The total number of cancer screenings for women declined over 80% in April 2020 compared to the previous five Aprils. That's according to the Centers for Disease Control (CDC).
The CDC says the prolonged delays in screenings for breast and cervical cancer related to the Covid-19 pandemic may lead to delayed diagnoses and poorer outcomes.
This negative impact is likely to be more pronounced among women already experiencing "health inequities," says the CDC.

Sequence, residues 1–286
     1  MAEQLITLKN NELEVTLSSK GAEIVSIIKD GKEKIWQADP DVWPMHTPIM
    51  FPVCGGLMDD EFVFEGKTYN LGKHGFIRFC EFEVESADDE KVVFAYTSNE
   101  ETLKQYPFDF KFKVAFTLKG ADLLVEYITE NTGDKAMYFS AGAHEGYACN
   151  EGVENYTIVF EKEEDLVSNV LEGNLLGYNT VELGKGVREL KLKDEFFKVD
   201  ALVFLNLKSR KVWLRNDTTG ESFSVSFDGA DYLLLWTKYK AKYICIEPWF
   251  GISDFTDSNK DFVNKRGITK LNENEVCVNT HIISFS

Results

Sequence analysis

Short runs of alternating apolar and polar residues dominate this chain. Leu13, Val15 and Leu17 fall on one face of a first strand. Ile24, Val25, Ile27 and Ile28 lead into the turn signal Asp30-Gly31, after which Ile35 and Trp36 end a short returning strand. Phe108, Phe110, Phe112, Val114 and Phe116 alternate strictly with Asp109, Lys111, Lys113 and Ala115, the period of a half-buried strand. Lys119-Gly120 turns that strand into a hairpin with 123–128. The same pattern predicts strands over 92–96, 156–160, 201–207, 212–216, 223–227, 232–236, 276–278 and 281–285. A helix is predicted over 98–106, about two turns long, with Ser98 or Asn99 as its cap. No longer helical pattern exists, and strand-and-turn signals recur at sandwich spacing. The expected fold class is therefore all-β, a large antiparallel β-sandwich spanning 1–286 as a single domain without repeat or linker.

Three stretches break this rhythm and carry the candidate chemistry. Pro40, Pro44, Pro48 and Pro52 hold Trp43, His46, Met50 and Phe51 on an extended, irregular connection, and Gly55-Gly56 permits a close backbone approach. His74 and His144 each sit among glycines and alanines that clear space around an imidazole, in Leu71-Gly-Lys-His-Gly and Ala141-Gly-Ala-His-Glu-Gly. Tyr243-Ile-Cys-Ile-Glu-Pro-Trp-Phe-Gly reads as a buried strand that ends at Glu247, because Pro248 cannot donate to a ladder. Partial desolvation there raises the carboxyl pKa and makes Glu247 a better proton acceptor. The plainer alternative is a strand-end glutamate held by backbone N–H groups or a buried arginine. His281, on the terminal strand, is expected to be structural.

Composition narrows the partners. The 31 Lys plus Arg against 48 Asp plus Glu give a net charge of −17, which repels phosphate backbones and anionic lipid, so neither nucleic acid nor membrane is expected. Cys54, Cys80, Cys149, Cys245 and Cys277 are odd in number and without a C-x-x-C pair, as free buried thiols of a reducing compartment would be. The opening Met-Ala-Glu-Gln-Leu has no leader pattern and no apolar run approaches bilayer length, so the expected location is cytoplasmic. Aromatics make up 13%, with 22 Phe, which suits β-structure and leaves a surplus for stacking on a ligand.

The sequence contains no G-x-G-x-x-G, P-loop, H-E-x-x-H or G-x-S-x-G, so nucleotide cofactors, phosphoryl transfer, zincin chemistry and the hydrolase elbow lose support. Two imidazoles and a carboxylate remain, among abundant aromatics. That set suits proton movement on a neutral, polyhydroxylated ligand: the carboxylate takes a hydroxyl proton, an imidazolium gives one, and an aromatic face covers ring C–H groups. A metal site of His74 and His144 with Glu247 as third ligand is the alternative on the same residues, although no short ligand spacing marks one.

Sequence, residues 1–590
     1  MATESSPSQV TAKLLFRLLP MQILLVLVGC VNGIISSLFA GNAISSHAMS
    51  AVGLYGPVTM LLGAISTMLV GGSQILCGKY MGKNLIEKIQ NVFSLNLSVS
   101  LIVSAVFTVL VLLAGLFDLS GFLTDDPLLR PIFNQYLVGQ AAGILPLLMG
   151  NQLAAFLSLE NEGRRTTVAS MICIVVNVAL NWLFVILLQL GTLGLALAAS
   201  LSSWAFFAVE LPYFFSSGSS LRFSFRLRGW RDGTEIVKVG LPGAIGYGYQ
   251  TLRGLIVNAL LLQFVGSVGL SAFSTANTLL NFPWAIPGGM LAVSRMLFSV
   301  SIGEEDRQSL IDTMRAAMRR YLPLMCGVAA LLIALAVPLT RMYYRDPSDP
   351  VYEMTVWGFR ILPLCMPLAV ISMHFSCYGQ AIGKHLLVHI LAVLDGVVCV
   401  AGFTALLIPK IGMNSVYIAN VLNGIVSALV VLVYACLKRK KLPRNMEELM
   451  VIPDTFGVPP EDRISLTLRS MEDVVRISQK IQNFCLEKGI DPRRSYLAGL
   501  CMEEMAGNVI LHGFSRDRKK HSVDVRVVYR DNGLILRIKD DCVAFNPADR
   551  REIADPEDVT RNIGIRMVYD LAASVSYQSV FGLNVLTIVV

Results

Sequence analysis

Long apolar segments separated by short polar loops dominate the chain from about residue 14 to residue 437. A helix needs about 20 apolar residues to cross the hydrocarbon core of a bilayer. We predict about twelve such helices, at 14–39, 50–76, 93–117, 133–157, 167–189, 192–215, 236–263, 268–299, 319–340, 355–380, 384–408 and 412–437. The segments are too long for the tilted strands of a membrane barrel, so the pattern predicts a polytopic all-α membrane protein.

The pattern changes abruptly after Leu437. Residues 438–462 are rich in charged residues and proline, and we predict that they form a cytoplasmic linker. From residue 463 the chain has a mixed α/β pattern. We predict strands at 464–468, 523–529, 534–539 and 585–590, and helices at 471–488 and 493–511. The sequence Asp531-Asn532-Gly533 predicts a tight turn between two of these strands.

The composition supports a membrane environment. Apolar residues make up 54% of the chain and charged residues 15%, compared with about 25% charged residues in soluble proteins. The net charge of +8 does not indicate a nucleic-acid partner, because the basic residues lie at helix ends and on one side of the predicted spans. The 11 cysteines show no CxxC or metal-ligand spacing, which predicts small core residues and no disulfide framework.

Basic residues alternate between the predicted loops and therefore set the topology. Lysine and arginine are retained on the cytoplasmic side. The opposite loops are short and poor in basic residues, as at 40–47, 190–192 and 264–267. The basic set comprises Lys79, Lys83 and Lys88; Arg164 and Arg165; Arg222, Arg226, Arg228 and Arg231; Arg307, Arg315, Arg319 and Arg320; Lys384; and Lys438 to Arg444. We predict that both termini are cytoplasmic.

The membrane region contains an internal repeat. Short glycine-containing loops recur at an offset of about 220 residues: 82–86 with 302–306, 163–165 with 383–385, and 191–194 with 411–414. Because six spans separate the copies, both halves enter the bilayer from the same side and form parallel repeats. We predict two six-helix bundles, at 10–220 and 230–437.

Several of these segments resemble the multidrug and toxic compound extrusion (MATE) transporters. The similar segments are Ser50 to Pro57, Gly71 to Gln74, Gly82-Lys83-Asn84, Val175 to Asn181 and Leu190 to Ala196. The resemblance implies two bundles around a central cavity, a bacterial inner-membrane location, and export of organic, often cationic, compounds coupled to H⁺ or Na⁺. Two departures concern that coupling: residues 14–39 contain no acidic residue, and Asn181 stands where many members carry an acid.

This study highlights a decline in cancer screening among women of racial and ethnic minority groups with low incomes when their access to medical services decreased at the beginning of the pandemicAmy DeGroff, PhD, MPH, CDC health scientist and lead author of Covid-19 impact on screenings study
It's unclear why the lowest income women appear to be least likely to get regular cancer screenings since the poor receive free health care, and in general, routine female-related screenings are of no additional cost beyond the premium for those who are insured.
Click the link below to read the CDC press release: